So how can we realise the potential of ‘world craft'?
Common Goods strikes a deal: traditional artisanal skills for a modern artistic license. During the course of month-long residencies, visiting artists bring skills that are rare to Australia. These techniques might have existed once, like darning, or have never been practiced here, like wire weaving. In Australia, these artisanal skills are interpreted through collaboration with a local artist. The idea is to transform a practical skill into something that can be viewed as a creative expression. In many cases, this opportunity offers a way for the guest artist to gain more value in his or her work and grow in confidence. For the hosts, there is the chance to learn a new technique that can add to their creative repertoire. A critical part of the collaboration is the negotiation regarding this exchange. It requires trust that skills and ideas will be treated with respect.
Some of the craft skills are traditional, such as the Maori weaving practiced by Te Atiwei Ririnui, lace-making by Mary Farrugia, darning by Rafoogars Zakir Hussain and Intekhab Ahmed and the stone carving by the Maldivian Ahmad Nimad. In other cases, traditional techniques have been adapted to new materials, such as telephone wire weaving by Hlengiwe Dube and the lei-making by Niki Hastings-McFall. And we see in Chandragupta Thenuwara's barrellism the development of a new ornamental language using local materialisations of militarism in Sri Lanka.
While each of these individuals produces works, their role in Common Goods extends to nurturing their culture's craft capital. During the month of February 2006, these foreign skills are matched with local artistic knowledge. The results of these collaborations will be an enduring legacy of the power of common goods.
What are the broader cultural concepts that underlie this deal?
The empire of common goods
‘Common good' is a standard of political philosophy. It is attached in our time to concepts of social capital, public domain and open source. Used here in the plural, it refers to a variety of shared ideals, each reflecting a belief in humanness but not reduced to a single concept. More specifically, ‘common goods' implies works made from ordinary materials—the stuff at hand. Increasingly, craft artists adopt an itinerant method that can turn whatever their environment offers into precious works.
Common Goods is an umbrella project of the South Project, designed to explore south-south dialogue over four years. At an initial gathering of southern artists and writers in Melbourne July 2004, South African writer Mbulelo Mzamane associated the project with a ‘rediscovery of the common'. During this talk, he also invoked the value of ubuntu , or humanness, which finds forgiveness in a victory over the oppressor.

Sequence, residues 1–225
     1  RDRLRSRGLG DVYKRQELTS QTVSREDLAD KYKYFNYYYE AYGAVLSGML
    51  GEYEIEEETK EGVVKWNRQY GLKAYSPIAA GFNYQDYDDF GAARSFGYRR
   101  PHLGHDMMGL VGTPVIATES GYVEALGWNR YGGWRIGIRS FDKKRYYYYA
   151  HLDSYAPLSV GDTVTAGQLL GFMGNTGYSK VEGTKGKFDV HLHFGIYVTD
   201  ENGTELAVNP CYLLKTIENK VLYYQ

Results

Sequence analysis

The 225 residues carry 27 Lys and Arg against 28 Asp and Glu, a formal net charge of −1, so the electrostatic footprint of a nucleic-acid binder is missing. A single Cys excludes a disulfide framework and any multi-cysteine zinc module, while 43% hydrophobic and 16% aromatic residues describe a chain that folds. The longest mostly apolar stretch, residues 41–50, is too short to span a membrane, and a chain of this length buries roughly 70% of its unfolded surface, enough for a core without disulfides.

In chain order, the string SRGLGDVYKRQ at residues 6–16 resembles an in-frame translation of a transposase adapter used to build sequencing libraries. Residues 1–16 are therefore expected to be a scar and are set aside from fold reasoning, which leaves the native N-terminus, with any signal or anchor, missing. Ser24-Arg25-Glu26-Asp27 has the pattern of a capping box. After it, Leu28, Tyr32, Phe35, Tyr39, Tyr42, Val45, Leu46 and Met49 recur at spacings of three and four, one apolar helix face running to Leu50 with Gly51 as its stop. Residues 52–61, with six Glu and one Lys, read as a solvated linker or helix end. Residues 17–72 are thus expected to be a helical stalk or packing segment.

As a circuit breaker to political revenge, ubuntu is a celebrated manifestation of the African Renaissance, which looks to traditional concepts to guide its path through modernity. The modern use of ubuntu is particularly noted in the Truth and Reconciliation Commission, where previous victims of Apartheid confronted their enemies. Reverend Desmond Tutu championed ubuntu as a way of giving non-violence a positive agency; it is not just submission to superior force. As such it is often identified with the Gandhian concept of satyagraha . This alliance between ubuntu and satyagraha has spread throughout the post-colonial world.
Cognate concepts have been developed in the struggle of colonies to overcome the legacy of violence. In Africa, the Swahili concept harambee (‘working together') was critical in Kenyatta's vision of a post-colonial Kenya. The other Swahili concept ujamaa (‘family') provided the mission for Tanzania's independence under Julius Nyerere. The Gandhian project spread to other countries like Sri Lanka, where s hramadana (the gift of labour) encouraged spirit of togetherness in poor villages. Outside of these developments, there are traditional values such as the Maori manaakitanga , Wurrundjeri tandurrum , Maldivian aogartherikan that reflect an identification of cultural confidence with generosity to guests.
To interpret these concepts, writers have been commissioned from each of the cultures featured in Common Goods . These are distinguished authors who have often chosen local activism in preference to international profile. Using their rich knowledge of local culture, they were invited to select a word from their own culture that enabled identification with people outside their own world.
Their essays mark the context for the exchange of crafts skills between Australia and eight other countries. We not only learn their skills, but imbibe their humanity. It is then up to us to repay this debt with our own knowledge and hospitality. A good deal, eh?
1 Steve Biko was a South African activist who was killed in custody on 12 September 1977. The quote is taken from a conference in Natal, 1971.
Copyright held by author Kevin Murray